American Wild Carrot
Daucus pusillus

Family: Apiaceae (ay-pee-AY-see-ee) (Info)
Genus: Daucus (DO-kus) (Info)
Species: pusillus (pus-ILL-us) (Info)

Category:

Annuals

Herbs

Foliage Color:

Unknown - Tell us

Bloom Characteristics:

Unknown - Tell us

Water Requirements:

Drought-tolerant; suitable for xeriscaping

Average Water Needs; Water regularly; do not overwater

Where to Grow:

Suitable for growing in containers

Height:

18-24 in. (45-60 cm)

24-36 in. (60-90 cm)

Spacing:

9-12 in. (22-30 cm)

12-15 in. (30-38 cm)

Hardiness:

Unknown - Tell us

Sun Exposure:

Full Sun

Danger:

Handling plant may cause skin irritation or allergic reaction

Bloom Color:

White/Near White

Bloom Time:

Mid Spring

Late Spring/Early Summer

Foliage:

Grown for foliage

Herbaceous

Velvet/Fuzzy-Textured

Other details:

May be a noxious weed or invasive

Soil pH requirements:

5.6 to 6.0 (acidic)

6.1 to 6.5 (mildly acidic)

6.6 to 7.5 (neutral)

7.6 to 7.8 (mildly alkaline)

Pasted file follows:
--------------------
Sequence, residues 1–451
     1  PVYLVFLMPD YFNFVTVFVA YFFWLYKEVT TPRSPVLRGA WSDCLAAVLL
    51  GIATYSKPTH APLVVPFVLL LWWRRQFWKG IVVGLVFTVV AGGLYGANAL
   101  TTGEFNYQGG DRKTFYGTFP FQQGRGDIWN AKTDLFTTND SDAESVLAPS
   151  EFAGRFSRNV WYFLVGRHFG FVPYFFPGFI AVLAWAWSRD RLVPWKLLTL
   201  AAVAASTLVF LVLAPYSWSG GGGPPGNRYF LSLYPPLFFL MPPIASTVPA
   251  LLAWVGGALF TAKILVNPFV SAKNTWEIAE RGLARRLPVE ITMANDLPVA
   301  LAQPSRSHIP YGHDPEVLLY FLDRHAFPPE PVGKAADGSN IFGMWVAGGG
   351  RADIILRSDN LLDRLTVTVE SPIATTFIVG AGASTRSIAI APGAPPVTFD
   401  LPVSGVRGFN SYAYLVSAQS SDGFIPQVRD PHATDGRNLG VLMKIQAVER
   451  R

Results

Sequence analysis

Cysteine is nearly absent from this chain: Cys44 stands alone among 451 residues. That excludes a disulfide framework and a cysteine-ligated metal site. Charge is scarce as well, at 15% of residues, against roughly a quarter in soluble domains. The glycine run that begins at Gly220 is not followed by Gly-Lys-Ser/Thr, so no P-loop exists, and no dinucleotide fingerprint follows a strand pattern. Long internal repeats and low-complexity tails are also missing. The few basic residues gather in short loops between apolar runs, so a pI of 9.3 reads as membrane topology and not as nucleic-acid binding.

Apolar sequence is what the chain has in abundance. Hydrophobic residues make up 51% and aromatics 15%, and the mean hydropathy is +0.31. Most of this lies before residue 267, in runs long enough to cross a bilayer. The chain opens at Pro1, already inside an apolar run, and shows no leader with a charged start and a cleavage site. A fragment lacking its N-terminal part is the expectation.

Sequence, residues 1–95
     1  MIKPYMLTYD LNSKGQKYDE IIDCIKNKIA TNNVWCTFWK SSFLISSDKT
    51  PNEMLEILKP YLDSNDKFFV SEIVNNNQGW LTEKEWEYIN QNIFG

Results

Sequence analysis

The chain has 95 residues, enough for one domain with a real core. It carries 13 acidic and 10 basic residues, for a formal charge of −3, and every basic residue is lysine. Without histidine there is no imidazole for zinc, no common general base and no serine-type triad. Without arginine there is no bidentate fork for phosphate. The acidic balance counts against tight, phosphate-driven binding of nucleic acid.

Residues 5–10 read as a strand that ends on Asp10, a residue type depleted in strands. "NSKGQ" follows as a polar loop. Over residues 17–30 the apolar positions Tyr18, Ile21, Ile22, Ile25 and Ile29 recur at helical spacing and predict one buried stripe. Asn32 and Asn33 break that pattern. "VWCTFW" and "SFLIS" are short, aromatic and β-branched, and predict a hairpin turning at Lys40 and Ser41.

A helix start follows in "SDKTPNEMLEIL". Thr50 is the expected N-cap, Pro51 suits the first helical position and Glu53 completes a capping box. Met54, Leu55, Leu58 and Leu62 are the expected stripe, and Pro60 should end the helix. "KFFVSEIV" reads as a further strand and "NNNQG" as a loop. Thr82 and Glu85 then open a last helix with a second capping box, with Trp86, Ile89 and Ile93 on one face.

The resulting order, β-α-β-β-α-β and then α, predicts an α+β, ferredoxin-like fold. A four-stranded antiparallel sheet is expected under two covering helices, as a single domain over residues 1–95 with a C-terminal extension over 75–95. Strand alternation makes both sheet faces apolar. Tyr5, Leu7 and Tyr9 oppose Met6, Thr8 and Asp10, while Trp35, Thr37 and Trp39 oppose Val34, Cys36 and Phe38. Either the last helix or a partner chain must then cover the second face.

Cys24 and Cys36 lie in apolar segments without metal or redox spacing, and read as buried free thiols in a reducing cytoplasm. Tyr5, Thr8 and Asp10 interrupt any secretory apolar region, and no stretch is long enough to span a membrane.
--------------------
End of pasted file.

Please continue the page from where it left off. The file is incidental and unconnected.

7.9 to 8.5 (alkaline)

Patent Information:

Unknown - Tell us

Propagation Methods:

Self-sows freely; deadhead if you do not want volunteer seedlings next season

Seed Collecting:

Allow seedheads to dry on plants; remove and collect seeds

Regional

This plant has been said to grow in the following regions:

Phoenix, Arizona

Boerne, Texas

Lipan, Texas

San Antonio, Texas

Santo, Texas

Falling Waters, West Virginia

Menasha, Wisconsin

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Gardeners' Notes:

0
positives
2
neutrals
0
negatives
RatingContent
Neutral

On May 28, 2007, htop from San Antonio, TX (Zone 8b) wrote:

American wild carrot (Daucus pusillus) is also known as rattlesnake weed and southwestern Carrot and is a plant that grows natively in many states. It is considered a noxious weed by many.

In Texas, it can be found growing in the South Texas Plains and the Edwards Plateau regions on barrens, meadows, plains, dry hills, roadsides, streambanks and waste areas. It is not picky about soil types. Simple to few-branched and erect, it grows 2 to 3 feet tall and its roots have a characteristic carrot odor. The leaves are fern-like and lacy (alternate, pinnate and compound). The stems are retrorsely-hispid (covered in rigid or bristly hairs that are directed back or downwards). The leaves are eaten by white-tailed deer.

It blooms March or April through June/July... read more

Neutral

On May 28, 2007, bigcityal from Menasha, WI (Zone 5a) wrote:

Basically a roadside weed for this part of the world. The flowers are interesting to watch open, but in a garden setting it will seed itself everywhere and the long taproot make it hard to pull out.